Byline: Kate Finneren, THE WASHINGTON TIMES
Maybe it's magic, but Harry Potter has outdone himself again.
Amazon.com has received at least 1.4 million preorders for "Harry Potter and the Half-Blood Prince," making the sixth installment in J.K. Rowling's series about the young magician and his friends - being released tomorrow - the biggest new product release in company history.
The previous record holder, "Harry Potter and the Order of the Phoenix," had more than 1.3 million preorders on Amazon in advance of its June 21, 2003, release.
Bookstore chain Barnes & Noble Inc. predicts it will sell 50,000 copies an hour for the first 24 hours that the book will be on sale, spokeswoman Mary Ellen Keating said.
"We believe it will be the biggest day in publishing history," said Ms. Keating, who estimated that 3 million people will visit more than 660 Barnes & Noble stores this weekend.The retailer and other bookstores across the country will have "Midnight Magic" parties and extended hours tonight to celebrate the new release with eager young readers.
Barnes & Noble already has more than 1 million preorders for the new book - the same amount as the total number of copies sold during the first weekend the previous Potter book was released in 2003, Ms. Keating said.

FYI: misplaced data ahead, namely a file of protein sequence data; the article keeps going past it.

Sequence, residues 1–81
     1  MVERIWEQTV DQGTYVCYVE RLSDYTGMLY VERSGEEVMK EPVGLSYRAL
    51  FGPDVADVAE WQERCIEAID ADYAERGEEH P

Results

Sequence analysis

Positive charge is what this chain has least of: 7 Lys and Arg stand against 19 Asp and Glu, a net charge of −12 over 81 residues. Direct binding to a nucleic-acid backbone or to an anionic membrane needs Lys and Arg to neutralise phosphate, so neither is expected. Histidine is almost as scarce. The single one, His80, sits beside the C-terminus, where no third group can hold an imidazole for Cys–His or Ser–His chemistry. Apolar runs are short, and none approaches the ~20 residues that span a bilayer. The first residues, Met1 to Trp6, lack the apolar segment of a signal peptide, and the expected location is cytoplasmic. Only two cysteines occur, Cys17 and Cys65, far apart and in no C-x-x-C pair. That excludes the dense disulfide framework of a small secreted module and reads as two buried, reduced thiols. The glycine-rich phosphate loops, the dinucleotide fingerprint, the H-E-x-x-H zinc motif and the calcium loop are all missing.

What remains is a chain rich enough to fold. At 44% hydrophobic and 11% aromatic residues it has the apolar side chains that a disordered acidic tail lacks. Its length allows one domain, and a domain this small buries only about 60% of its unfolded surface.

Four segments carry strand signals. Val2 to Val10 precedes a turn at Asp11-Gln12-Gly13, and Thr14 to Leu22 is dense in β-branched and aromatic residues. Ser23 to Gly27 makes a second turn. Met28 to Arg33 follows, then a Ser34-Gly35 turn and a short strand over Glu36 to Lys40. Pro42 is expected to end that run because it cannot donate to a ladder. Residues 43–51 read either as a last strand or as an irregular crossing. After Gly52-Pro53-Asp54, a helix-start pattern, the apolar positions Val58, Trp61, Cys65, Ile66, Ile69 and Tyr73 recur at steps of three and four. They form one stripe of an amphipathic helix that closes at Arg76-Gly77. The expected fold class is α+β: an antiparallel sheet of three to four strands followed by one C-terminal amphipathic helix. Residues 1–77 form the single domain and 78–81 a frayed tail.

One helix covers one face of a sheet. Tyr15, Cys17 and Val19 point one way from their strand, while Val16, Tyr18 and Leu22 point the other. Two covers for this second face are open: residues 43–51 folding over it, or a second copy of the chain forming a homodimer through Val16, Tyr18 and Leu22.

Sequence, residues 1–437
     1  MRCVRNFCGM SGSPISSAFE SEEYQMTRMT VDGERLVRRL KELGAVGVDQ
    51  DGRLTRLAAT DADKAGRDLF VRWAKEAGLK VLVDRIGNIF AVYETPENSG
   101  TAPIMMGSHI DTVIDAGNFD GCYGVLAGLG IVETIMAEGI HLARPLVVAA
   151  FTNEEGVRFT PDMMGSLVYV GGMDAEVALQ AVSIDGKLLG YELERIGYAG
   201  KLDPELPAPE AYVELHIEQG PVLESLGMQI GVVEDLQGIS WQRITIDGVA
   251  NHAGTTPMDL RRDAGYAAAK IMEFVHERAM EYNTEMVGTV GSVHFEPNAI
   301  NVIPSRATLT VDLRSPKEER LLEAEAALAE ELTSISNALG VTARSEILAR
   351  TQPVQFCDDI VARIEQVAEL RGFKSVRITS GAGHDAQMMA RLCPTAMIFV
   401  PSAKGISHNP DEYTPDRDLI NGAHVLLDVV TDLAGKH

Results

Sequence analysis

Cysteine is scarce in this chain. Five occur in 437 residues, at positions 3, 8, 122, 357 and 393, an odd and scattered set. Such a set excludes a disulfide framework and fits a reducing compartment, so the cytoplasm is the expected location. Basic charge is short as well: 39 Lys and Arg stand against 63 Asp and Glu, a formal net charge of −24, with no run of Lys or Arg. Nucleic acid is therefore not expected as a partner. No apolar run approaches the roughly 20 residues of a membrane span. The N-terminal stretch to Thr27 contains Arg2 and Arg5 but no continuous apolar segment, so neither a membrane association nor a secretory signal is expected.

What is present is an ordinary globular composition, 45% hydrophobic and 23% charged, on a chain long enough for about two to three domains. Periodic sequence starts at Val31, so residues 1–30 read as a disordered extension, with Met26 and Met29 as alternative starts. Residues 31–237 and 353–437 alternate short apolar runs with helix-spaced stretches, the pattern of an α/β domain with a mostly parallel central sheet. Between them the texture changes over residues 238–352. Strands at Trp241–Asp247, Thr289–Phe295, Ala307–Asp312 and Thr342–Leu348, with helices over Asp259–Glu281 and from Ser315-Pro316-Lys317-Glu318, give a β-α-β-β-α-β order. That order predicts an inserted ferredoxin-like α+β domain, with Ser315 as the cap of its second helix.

An estimated 60 percent of children 6 and over will read the new release, according to a nationwide consumer survey from competing bookstore chain Borders Group Inc.
Although Borders does not disclose how many copies the company or its stores ordered and have on reserve, the retailer has seen an increase in reservations, said Beth Bingham, Borders Group Inc., public relations manager.
"For this Harry Potter I can tell you we've taken more reservations than we did on the last one in 2003," Ms. Bingham said, noting that more than 900,000 copies were sold over the first weekend of that book's release - 750,000 on the first day.
The U.S. Postal Service, which will be delivering the books ordered through Amazon.com, will not use extra carriers tomorrow. But because of the extra load, "some may be riding their routes and not walking," joked spokeswoman Joanne Veto.
Borders' survey found that 25 percent of children plan on finishing the book's 672 pages within the first 24 hours of receiving it. …